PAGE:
Anonymous said...

I am so glad I have left Meck and CMS behind. You idiots that still live there can pay the high taxes and deal with the incompetant democrats that you useless people elect. I feel sorry for your children because without fundamental changes within CMS the kids will continue to be shortchanged in the education that you geniuses are paying high taxes for. Good luck to you

Christine Mast said...

Expense allowances of:

$470/mo for Ericka-Ellis Stewart
$370/mo for all other Board members

Per Sheila Shirley,

"The monthly expense allowance (as noted above) is paid under a non-accountable plan and is intended cover all travel and other expenses incurred in Mecklenburg County."

Further, "The expense allowance has been in place as part of the board compensation for some time (mid 1990’s) –primarily for in-county travel. Cell phones were not specifically addressed."

What happens when the Board Members have conferences, meetings and other travel outside Mecklenburg County? How are those expenses covered? Is there a budget for those kinds of expenses?

Per Sheila Shirley:

"Board members are reimbursed in accordance with district policy for travel outside of Mecklenburg County by filing an expense report. The budget for board travel is $30,000."

Anonymous said...

Rhonda Lennon is the worst school board rep we've had in years. Bring back Gavreau and McGarry.

Wiley Coyote said...

If only one Democrat runs against Lennon, she will most likely lose.

Lennon ran against two people the last time and their votes were split. Lennon received 9,101 votes, Gail Summerskill received 3,451 and Robin Bradford received 5,615. There were 107 write-in votes.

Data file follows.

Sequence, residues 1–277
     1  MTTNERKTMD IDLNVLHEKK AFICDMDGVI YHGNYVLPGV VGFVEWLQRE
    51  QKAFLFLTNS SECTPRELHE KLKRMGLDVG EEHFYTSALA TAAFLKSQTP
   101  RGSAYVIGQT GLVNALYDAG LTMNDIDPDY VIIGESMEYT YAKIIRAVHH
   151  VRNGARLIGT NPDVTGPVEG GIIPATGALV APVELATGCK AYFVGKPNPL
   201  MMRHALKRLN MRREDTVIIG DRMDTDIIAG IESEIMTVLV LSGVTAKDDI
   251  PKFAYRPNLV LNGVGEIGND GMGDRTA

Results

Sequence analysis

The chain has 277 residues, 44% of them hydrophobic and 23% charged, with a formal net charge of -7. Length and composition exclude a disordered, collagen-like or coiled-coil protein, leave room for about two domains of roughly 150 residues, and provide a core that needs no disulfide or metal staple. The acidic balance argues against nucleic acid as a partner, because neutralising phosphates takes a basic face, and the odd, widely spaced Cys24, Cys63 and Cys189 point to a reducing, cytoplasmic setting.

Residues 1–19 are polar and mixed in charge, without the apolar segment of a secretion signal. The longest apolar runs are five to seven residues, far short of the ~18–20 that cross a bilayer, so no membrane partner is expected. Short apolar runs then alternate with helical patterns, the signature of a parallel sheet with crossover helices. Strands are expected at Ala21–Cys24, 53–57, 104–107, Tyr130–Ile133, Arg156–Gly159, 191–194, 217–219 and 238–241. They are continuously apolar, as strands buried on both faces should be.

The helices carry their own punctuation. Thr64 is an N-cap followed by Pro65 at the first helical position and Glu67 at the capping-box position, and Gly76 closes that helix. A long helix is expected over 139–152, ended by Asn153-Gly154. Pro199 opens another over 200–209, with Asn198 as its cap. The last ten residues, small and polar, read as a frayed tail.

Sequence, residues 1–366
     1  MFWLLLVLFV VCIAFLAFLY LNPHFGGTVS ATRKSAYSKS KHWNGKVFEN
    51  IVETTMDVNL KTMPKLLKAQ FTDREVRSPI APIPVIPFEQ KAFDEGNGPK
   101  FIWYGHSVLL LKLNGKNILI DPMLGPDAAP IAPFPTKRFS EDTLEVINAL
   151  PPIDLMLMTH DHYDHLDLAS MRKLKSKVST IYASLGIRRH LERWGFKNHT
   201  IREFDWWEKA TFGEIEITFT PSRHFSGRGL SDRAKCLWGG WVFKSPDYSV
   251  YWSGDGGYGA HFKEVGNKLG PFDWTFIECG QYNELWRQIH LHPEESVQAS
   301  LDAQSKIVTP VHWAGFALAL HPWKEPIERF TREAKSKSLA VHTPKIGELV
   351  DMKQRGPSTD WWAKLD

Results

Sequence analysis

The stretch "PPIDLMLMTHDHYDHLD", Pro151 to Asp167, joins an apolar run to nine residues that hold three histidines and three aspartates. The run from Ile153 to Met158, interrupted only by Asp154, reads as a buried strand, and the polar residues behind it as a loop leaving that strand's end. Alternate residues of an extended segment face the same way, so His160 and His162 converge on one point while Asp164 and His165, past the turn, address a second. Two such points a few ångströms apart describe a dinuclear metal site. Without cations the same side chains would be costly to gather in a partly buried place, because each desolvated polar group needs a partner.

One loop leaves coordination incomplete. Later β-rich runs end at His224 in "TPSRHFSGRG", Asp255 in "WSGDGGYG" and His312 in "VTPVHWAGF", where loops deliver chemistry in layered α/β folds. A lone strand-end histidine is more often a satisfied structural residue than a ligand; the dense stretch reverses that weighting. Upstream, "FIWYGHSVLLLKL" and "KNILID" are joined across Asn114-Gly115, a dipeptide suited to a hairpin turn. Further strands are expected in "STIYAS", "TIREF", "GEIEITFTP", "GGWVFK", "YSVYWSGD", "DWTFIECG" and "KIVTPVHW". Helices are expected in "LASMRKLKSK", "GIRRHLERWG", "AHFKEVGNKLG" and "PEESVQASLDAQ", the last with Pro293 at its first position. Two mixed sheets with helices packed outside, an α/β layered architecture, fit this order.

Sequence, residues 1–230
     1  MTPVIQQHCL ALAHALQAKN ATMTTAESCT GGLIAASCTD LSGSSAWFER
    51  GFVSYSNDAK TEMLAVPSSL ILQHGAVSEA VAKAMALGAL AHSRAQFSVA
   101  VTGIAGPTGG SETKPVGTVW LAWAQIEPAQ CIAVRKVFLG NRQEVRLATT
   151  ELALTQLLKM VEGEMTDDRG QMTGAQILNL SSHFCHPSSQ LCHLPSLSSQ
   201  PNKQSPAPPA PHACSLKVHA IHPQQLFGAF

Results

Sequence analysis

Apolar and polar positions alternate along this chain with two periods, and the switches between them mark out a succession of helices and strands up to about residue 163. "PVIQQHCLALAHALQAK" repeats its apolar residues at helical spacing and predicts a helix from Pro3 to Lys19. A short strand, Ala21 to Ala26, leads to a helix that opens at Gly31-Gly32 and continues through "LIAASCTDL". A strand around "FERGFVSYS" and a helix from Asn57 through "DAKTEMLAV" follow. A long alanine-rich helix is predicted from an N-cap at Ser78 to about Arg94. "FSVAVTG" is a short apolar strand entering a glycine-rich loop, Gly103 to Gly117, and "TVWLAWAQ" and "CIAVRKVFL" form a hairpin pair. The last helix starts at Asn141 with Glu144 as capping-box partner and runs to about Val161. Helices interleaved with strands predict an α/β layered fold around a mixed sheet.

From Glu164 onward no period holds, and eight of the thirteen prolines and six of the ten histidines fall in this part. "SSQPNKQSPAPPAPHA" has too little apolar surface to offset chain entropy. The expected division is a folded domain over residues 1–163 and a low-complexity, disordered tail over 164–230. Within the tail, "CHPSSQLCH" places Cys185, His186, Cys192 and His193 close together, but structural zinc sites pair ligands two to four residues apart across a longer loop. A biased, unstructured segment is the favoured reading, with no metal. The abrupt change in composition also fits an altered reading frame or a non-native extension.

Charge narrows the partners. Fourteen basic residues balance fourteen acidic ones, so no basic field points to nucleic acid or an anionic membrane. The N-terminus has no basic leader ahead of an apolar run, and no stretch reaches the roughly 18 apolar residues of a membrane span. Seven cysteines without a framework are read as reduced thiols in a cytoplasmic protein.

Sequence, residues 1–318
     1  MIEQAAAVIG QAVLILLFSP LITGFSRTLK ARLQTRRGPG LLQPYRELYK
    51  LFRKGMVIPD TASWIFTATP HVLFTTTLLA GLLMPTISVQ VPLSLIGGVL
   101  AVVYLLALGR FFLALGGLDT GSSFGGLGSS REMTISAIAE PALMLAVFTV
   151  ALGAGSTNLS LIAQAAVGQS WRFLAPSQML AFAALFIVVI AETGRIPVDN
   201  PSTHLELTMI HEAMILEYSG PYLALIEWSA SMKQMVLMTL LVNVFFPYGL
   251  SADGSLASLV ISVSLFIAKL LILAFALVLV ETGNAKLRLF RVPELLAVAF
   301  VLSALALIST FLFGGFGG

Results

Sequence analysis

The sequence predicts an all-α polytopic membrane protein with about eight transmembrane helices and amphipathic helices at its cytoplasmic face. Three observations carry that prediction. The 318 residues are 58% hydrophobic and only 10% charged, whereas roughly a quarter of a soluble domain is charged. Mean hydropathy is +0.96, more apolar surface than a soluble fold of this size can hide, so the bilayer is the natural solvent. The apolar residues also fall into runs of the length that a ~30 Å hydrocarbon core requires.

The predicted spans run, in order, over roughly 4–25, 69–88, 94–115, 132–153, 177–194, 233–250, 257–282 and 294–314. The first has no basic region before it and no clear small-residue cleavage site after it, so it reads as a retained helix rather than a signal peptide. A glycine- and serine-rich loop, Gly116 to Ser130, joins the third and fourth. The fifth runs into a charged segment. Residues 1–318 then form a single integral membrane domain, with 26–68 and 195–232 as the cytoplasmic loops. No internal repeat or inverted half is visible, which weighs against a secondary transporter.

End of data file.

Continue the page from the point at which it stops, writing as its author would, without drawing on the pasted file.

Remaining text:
According to voter information, Bradford and Summerskill are Democrats, unless there are two of each of those ladies living in District 1 with the same name. But only one name each was returned in the query.

Reality Check said...

Wiley, I didn't expect this from you:

3,451 + 5,615 = 9,066. Lennon received 9,101 votes. In no way can you predict she will likely lose against only one democratic candidate.

Anonymous said...

ERIC DAVIS what a bozo trying to hold public conversations in private meeting ! Ericka and the attorney should boot you off the board for having that negative attitude as a simple illegal act. I am glad Annis catching all this and reporting good for her honesty will prevail.

Wiley Coyote said...

Reality Check...

I said "most likely lose", plus you left off the 107 write-ins that could have gone to another candidate, possibly another Democrat of their liking.

Also, Lennon has proven to be ineffective, so she could have another Republican run against her.

Reality Check said...

First of all, the chair can not "boot you off the board" in the first place, nor is asking to have a discussion behind closed doors illegal. (It may not be allowed to go off the record like that, but asking certainly isn't illegal.)

Secondly, he attempted to have private conversations during a public meeting, not as you stated in reverse.

Finally, he wanted to discuss the "relationships" of the board members in private, which I actually support. Lately, the BOE has begun airing out far too much dirty laundry in public. While I, as a taxpayer, would not be happy if the BOE was making decisions and/or sharing vital information in closed session, I would applaud the decision for all board members to privately put an end to all the partisan bickering, appearance of bullying, and general playground clique behavior and come back remembering that they work for the public, specifically the children enrolled in CMS schools.